Difference in control between spring and autumn migration in birds: Insight from seasonal changes in hypothalamic gene expression in captive buntings

Aakansha Sharma, Devraj Singh, Shalie Malik, Neelu Jain Gupta, Sangeeta Rani, Vinod Kumar

Research output: Contribution to journalArticlepeer-review

47 Scopus citations


We hypothesized differences in molecular strategies for similar journeys that migrants undertake to reproduce in spring and to overwinter in autumn. We tested this in redheaded buntings (Emberiza bruniceps) photoinduced into spring and autumn migratory states, with winter and summer non-migratory states as controls. Compared with controls, buntings fattened, gained weight and showed Zugunruhe (nocturnal migratory restlessness) in the migratory state. Spring migration was associated with greater fat and body mass, and higher intensity of Zugunruhe, compared with autumn migration. Circulating corticosterone levels were higher in spring, while T3 levels were higher in autumn. Hypothalamic expression of thyroid hormone- responsive (dio2, dio3), light-responsive ( per2, cry1, adcyap1) and th (tyrosine hydroxylase, involved in dopamine biosynthesis) genes showed significant changes with transition from non-migratory to the migratory state. There were significantly higher mRNA expressions in autumn, except for higher th levels in the spring. Furthermore, the expression patterns of dnmt3a (not dnmt3b) and tet2 genes suggested an epigenetic difference between the non-migrant and migrant periods, and the spring and autumn migrant periods. These results demonstrate for the first time seasonal transition in hypothalamic gene expressions, and suggest differences in regulatory strategies at the transcriptional level for spring and autumn migrations in songbirds.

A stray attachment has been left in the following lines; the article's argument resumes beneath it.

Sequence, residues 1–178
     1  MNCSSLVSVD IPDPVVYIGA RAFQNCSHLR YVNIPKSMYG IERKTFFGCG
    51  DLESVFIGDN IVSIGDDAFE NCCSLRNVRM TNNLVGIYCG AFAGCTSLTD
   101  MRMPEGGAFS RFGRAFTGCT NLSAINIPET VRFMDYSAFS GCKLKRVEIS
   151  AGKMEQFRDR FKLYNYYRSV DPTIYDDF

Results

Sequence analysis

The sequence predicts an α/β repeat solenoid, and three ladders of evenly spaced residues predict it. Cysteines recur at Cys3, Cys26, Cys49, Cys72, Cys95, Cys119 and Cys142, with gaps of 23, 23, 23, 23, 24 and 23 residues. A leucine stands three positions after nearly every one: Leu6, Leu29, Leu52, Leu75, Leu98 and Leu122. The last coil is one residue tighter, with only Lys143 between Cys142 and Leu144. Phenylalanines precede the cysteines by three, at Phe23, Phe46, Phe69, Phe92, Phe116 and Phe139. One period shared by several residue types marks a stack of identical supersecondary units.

Original languageEnglish
Article number20181531
JournalProceedings of the Royal Society B: Biological Sciences
Issue number1885
StatePublished - 2018

Bibliographical note

Funding Information:
Ethics. All procedures were approved and carried out in accordance with guidelines of the Institutional Animal Ethics Committee (IAEC) of Department of Zoology, University of Delhi, India (Institutional Ethical Approval number: DU/ZOOL/IAECR/ 2015/04). Data accessibility. The mRNA sequences with their partial CDS can be accessed using GenBank accession numbers as provided in electronic supplementary material, table S1. Authors’ contribution. V.K. conceived the idea. V.K., D.S., N.J.G. and S.R. designed the study. D.S., A.S. and S.M. performed experiments and carried out sampling. D.S. and A.S. performed hormone assays. A.S. and D.S. performed gene expression assays. A.S. analysed data and prepared final figures. V.K. and A.S. wrote the manuscript and carried out extensive revision. N.J.G. and S.R. provided the animal resources; V.K. provided all chemical and other laboratory resources. All authors gave final approval for publication. Competing interests. Authors have no competing interests. Funding. The funds were provided by the Department of Biotechnology, New Delhi through a research grant (BT/PR4984/MED/30/ 752/2012) to V.K. A.S. received a Junior Research Fellowship from the Council of Scientific and Industrial Research, New Delhi. The experimental facility used for experiments was built with the support from the Science and Engineering Research Board, New Delhi under IRHPA grant to V.K.

Publisher Copyright:
© 2019 The Authors.


  • Bird
  • Corticosterone
  • Gene expression
  • Hormone
  • Migration
  • Seasonal

ASJC Scopus subject areas

  • Immunology and Microbiology (all)
  • Biochemistry, Genetics and Molecular Biology (all)
  • Environmental Science (all)
  • Agricultural and Biological Sciences (all)


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